Netaji Bose’s Secret Service and INA Connection with Submarines
INA and its exploits on Land are well known. In fact, the Indo Japanese combined troupes under the unified command of Netaji Subhas Chandra Bose and Lt Gen Mataguchi’s 15th Army crossed over to the land of their destination. Even in the eyes of one time adversary, the British MI5 agent Huge Toye, there can be little doubt that the INA, not in the unhappy career of the battlefield, but in its thunderous disintegration hastened the end of British rule in India.
In this treatise, let me dwell on the Indian National Army’s tryst with water and particular reference to a lesser-known maritime dimensions: Submarines.
Broadly we can concern ourselves with three episodes related to submarine ventures during the WW II. Of course Netaji’s epic journey from Kiel in Germany to Japanese controlled Sabang on 8th Feb 1943 takes the cake. However, submarines were also used extensively for deployment of INA’s clandestine and subversive activities, popularly known as “Netaji’s Secret Service”. The third, a relatively unknown facet, touches upon interception of a ship carrying the INA cadets by an US submarine.
So let us start our voyage with the most famous “submarine journey” ever. Netaji having established the Free India Center and the Indian Legion with German assistance drew quite a few Indians into the movement through sheer force of his personality. Many Indian exiles masquerading as students, journos etc such as AC Nambiar, NG Gunpuley, MR Vyas, Pramode Sengupta, Abid Hassan and Girja Mukherjee voluntarily wanted to be a part of the journey. While in Europe, Netaji made repeated attempts to convince Germany to facilitate his relocation to East Asia to answer the call of those present there. In the meantime, the Axis signed a military agreement on 19th Jan, 1942 which included a Japanese proposal of deployment of German U boats in the Indian Ocean, with the 70th Meridian of Longitude as the operational boundary between the two nations.
Naturally a question arises on the coordinates of the operational boundaries. The said area was somewhere between Capetown and Madagascar and it was felt that the long range type IX D U- boats and U boat tankers were not ready for operations beyond. The second important reason could be lack of bases in the Indian Ocean area. Japan took an unusually long time to grant the Germans the requested bases, simply because she needed them all for herself. Ironically Japan themselves wanted the U Boats to set up bases there to emerge as a major naval power in the region.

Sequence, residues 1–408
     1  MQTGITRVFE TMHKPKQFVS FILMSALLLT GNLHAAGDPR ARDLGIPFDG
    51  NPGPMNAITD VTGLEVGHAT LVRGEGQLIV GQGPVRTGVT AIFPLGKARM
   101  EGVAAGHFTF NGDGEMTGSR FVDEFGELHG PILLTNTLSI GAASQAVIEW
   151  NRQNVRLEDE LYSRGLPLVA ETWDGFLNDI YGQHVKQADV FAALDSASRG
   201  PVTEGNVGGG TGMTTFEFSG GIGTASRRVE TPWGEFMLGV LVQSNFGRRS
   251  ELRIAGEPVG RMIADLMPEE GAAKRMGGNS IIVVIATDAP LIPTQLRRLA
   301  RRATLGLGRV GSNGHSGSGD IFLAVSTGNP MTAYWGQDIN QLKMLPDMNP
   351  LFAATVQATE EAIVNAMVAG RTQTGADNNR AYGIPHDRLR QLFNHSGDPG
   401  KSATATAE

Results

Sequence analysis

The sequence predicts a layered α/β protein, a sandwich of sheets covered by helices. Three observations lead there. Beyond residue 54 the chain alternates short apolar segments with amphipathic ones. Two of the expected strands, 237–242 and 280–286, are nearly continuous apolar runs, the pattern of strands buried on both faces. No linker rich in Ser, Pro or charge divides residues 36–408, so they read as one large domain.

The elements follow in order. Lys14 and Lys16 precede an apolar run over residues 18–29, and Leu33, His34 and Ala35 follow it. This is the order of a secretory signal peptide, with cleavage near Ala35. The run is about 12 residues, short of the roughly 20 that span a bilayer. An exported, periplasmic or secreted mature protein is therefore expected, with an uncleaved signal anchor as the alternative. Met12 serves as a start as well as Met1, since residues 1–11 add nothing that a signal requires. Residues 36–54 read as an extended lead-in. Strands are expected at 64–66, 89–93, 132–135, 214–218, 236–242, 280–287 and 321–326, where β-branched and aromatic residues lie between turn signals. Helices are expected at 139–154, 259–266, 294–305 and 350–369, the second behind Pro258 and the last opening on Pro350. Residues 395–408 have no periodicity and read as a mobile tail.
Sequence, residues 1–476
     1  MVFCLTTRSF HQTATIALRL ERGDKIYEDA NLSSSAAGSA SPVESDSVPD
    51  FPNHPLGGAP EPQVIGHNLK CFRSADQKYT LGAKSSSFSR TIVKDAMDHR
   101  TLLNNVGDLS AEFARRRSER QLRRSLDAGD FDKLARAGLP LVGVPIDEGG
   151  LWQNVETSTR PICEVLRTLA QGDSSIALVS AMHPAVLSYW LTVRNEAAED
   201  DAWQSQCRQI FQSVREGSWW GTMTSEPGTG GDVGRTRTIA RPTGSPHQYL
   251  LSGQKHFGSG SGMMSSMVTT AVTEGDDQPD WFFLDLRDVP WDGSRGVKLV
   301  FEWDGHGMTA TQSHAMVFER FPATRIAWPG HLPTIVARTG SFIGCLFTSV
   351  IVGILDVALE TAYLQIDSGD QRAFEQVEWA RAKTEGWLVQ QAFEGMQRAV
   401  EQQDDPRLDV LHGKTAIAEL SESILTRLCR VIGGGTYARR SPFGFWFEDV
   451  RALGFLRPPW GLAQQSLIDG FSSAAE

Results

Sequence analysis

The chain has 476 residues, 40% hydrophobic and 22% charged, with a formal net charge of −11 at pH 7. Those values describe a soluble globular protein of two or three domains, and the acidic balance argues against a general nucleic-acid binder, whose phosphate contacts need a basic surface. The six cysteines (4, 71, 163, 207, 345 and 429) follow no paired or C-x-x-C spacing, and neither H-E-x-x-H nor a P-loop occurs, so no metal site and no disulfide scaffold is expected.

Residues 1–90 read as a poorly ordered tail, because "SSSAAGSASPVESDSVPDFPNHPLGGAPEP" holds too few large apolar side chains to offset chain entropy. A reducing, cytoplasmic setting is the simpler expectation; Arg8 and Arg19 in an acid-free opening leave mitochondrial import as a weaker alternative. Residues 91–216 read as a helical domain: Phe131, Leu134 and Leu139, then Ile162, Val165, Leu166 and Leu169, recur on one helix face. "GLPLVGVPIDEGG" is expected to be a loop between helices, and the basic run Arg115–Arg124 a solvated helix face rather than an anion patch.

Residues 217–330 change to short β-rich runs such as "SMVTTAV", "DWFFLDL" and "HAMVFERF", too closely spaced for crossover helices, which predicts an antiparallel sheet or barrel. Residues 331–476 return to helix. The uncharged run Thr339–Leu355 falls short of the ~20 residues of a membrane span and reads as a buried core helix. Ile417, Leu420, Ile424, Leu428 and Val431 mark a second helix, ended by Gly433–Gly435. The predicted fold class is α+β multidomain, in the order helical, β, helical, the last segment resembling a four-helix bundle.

Four months later on 29th May, 42 the Fuhrer in his supposedly only meeting with Bose offered to place a German Submarine at his disposal. The stage was set.
By mid Jan, the voyage plan was finalized and on a bleak winter morning on the 8th of Feb, a sleek German U boat slid stealthily out of the port town of Kiel, North Germany to encounter the rough seas. Powered by two MAN M9 V 40/46 supercharged 4 stroke, 9 cylinder diesel engine plus another 6 cylinder 4 stroke for cruising, the IX DI UBoat all of 84 metres with an initial crew of 59, generated around 9000 HP while in surface. Two Siemen Schuckert electric motors took care while being submerged. The Chief Engineer of the U 180 was one Mr Rudlof Opent.
In contrast to popular belief Bose was not originally in the U Boat. A mechanized boat with five people in it was cruising towards the submarine, three miles out to sea. The sinister shape of the U 180, one of the fastest during the war came to a halt. The boat bobbed up and down and finally came to rest against the dark hull. The five men who then entered the U 180 were Bose, his adjutant Hassan, Nambiar who was then in charge of the Free India Center, Wilhelm Keppler, Sec of State in the German Foreign Office and General Oshima, the Japanese Ambassador to Germany.
The crew had no idea about their mission and were mystified as it had been detained since long. All they knew were a special assignment was on the cards. They saw the five strangers board and then saw three of them leaving. Subhas with Hassan was set to pursue his dream, a single minded one at that. A dream to free his motherland. This was the first ever-human transportation of that kind where an important political leader has been offered a submarine passage to another distant territory. The crew had little idea that they would be a part of history of ever increasing magnitude and encompassing geographies never attempted before.